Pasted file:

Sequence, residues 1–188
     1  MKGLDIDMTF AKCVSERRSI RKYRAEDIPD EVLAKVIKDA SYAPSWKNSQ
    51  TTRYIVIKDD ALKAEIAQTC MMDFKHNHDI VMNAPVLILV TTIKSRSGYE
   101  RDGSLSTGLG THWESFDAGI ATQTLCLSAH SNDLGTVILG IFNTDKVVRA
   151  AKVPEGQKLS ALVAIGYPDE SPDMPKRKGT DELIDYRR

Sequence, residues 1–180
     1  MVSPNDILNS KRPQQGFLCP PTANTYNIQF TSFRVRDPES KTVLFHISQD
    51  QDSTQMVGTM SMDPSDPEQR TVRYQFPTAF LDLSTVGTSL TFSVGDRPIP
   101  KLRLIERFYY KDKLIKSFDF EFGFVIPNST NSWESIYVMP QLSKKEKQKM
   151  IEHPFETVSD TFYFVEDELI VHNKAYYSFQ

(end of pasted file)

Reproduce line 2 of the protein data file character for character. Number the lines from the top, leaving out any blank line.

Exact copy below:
     1  MKGLDIDMTF AKCVSERRSI RKYRAEDIPD EVLAKVIKDA SYAPSWKNSQ